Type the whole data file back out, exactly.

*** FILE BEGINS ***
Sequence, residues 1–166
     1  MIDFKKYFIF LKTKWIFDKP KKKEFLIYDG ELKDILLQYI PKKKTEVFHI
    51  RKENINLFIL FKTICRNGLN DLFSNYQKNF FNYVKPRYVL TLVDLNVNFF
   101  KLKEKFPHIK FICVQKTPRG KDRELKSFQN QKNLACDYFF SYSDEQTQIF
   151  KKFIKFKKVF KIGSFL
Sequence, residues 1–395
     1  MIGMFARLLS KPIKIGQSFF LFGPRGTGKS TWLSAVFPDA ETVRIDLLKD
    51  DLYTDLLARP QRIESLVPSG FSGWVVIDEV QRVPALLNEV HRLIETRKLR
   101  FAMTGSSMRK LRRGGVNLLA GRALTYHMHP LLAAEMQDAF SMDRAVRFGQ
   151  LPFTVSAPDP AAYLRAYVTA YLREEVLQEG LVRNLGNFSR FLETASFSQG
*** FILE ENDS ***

Sequence, residues 1–166
     1  MIDFKKYFIF LKTKWIFDKP KKKEFLIYDG ELKDILLQYI PKKKTEVFHI
    51  RKENINLFIL FKTICRNGLN DLFSNYQKNF FNYVKPRYVL TLVDLNVNFF
   101  KLKEKFPHIK FICVQKTPRG KDRELKSFQN QKNLACDYFF SYSDEQTQIF
   151  KKFIKFKKVF KIGSFL
Sequence, residues 1–395
     1  MIGMFARLLS KPIKIGQSFF LFGPRGTGKS TWLSAVFPDA ETVRIDLLKD
    51  DLYTDLLARP QRIESLVPSG FSGWVVIDEV QRVPALLNEV HRLIETRKLR
   101  FAMTGSSMRK LRRGGVNLLA GRALTYHMHP LLAAEMQDAF SMDRAVRFGQ
   151  LPFTVSAPDP AAYLRAYVTA YLREEVLQEG LVRNLGNFSR FLETASFSQG